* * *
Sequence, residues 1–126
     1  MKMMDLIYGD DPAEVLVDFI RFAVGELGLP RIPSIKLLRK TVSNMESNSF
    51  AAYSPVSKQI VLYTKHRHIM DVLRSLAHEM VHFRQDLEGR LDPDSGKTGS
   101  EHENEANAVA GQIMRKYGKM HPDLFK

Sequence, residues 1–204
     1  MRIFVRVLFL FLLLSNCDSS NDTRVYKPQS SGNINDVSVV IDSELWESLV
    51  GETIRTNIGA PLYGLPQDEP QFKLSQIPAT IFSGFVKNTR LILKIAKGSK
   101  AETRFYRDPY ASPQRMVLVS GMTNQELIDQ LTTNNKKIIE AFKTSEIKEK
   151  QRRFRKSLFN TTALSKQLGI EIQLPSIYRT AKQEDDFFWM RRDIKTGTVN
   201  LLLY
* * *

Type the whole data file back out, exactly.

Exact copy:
Sequence, residues 1–126
     1  MKMMDLIYGD DPAEVLVDFI RFAVGELGLP RIPSIKLLRK TVSNMESNSF
    51  AAYSPVSKQI VLYTKHRHIM DVLRSLAHEM VHFRQDLEGR LDPDSGKTGS
   101  EHENEANAVA GQIMRKYGKM HPDLFK

Sequence, residues 1–204
     1  MRIFVRVLFL FLLLSNCDSS NDTRVYKPQS SGNINDVSVV IDSELWESLV
    51  GETIRTNIGA PLYGLPQDEP QFKLSQIPAT IFSGFVKNTR LILKIAKGSK
   101  AETRFYRDPY ASPQRMVLVS GMTNQELIDQ LTTNNKKIIE AFKTSEIKEK
   151  QRRFRKSLFN TTALSKQLGI EIQLPSIYRT AKQEDDFFWM RRDIKTGTVN
   201  LLLY